Casey returned from Iraq and enrolled at UM, the very place his father swore off 40 years earlier. But in his father’s absence from campus, that larger-than-life memorial to Montana’s fallen troops had been erected on school grounds, demanding the attention and reflection of passing students.

What’s more, Casey found that philosophies among the student body had changed as well. While many disagree with America’s actions in the Middle East, the hostilities experienced by his father after Vietnam were gone, replaced by doses of thanks, however small they might be.

“It’s a 180-degree turnaround from when my father got spat on and saw the North Vietnamese flag flying right here on campus,” said Casey, standing at the Fallen Soldier Memorial. “That had to be shocking for anyone coming back. I can only imagine what that must have been like for him.”

The healing began this summer as Casey prepared for his sophomore year at UM. One morning, Kruger opened the local paper and saw an ad, something about a traveling Vietnam memorial. Looking closer, he saw that it was going to be displayed at the university.

For a Vietnam vet with bitter memories, UM was an unlikely location for a traveling monument dedicated to those who had been disparaged at the university decades earlier. Mike Kruger was suspicious, but his son had a suggestion.

Why didn’t his father come with him to see the Fallen Soldier Memorial on Memorial Row? In the process, they could also visit the Vietnam memorial. It was a fine idea, but for Kruger, it meant doing the unthinkable. It meant stepping foot on campus.

“I’d never seen my dad on this campus and I think that might have been the first time he’d been here since 1971,” Casey said. “We came up here and I showed him this memorial.”


The Fallen Soldier Memorial is cast in bronze. It depicts a family standing before a pair of empty boots with an inverted rifle and a helmet hanging off the butt. It’s an image best known as the Fallen Soldier Battle Cross and it dates back to the Civil War.

Surrounding the monument are 42 names of Montana men killed serving in Iraq and Afghanistan. Casey knew one of them personally. That was PFC Andrew Bedard, a Hellgate High School graduate and Marine who was killed by an improvised explosive device in 2005. He’d been in Iraq for one month.

Mike Kruger understood the loss, as did Casey, and they contemplated its meaning as they walked across campus that day to visit the Vietnam memorial. Kruger pointed out the names of the eight men he’d known and lost in Vietnam, his generation’s own defining conflict.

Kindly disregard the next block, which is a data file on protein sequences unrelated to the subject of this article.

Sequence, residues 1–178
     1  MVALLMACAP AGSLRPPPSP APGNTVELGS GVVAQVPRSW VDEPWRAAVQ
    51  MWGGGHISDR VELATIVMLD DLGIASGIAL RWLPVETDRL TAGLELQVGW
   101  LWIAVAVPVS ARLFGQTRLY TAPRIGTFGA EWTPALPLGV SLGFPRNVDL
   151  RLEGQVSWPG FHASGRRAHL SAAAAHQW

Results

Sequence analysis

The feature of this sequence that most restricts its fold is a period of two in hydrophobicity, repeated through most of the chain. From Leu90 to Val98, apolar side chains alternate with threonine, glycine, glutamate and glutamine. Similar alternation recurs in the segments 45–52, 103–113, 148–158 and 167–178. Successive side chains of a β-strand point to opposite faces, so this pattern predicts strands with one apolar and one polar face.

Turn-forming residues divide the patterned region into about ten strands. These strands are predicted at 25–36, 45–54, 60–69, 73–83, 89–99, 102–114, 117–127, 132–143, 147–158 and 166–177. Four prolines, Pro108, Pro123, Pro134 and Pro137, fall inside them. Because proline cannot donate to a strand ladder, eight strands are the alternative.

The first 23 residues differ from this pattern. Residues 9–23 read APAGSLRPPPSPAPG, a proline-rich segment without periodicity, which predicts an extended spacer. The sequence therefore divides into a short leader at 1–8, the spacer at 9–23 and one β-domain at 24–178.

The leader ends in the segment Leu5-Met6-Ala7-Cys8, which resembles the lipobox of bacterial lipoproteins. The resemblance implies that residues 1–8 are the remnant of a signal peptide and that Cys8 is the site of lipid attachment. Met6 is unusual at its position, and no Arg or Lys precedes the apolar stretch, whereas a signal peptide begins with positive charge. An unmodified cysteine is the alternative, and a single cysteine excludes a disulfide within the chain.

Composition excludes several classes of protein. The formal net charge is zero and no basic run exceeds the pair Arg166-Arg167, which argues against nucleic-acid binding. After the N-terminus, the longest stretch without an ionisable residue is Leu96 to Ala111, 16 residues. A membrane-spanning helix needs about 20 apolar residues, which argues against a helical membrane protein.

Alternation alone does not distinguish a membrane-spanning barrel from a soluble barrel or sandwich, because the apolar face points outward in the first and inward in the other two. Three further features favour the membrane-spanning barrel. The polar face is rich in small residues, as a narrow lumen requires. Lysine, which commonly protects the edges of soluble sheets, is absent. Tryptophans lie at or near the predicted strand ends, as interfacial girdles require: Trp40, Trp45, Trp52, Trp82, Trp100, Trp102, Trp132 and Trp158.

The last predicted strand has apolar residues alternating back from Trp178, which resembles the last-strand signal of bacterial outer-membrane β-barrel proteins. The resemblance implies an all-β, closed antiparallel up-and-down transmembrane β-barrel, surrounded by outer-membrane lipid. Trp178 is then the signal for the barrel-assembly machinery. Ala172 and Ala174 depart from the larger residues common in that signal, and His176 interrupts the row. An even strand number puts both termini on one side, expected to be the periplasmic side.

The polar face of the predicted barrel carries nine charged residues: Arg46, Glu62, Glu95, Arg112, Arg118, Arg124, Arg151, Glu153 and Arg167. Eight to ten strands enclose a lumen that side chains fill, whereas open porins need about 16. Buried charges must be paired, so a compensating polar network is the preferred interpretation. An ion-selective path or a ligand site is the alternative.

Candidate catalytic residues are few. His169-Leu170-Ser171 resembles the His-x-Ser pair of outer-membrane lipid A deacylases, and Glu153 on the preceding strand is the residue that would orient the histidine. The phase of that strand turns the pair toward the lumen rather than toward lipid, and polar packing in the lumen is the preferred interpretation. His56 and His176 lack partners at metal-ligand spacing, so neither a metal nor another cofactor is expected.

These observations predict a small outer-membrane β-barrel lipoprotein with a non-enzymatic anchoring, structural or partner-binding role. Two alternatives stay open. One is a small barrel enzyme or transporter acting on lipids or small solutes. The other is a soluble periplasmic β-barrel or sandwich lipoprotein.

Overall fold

It was an emotional day for father and son, one Marine to another. But something else happened there on campus. A wound began to heal, the burden of hate Kruger had carried for so long began to fall away.

“I came to the conclusion that I could forgive UM,” Kruger said. “It was an emotional thing for me, very much so. I didn’t know how much pent-up anger I’d built up toward that university over time.”

Kruger isn’t one to elaborate and he doesn’t like overstating things. “I don’t want all kinds of warm and fuzzy out there,” he insists, hiding the stubborn grin of a Marine under his graying mustache.

But then the smile fades. He looks away when he considers how his generation of veterans – men who endured so much hate at home – had made it possible for today’s troops to enjoy ticker-tape parades, waving flags and thankful moments.

He lowers his eyes briefly, thinking how a monument like this, dedicated to fallen soldiers and Marines, can now sit on campus, surrounded by drying red roses. He struggles for words, knowing there’s a fresh flag tucked into a pair of empty bronze boots at the center of the university.

UM, he admits, isn’t the place he remembers from his days as a student. Hate, he adds, is a heavy burden to carry.

“You get to the point where you say, ‘You know, maybe they’ve changed and maybe it’s time,’ ” said Kruger. “It’s quite a burden to let loose.”

Martin Kidston covers the University of Montana and the military for the Missoulian. He can be reached at (406) 523-5260 or by email at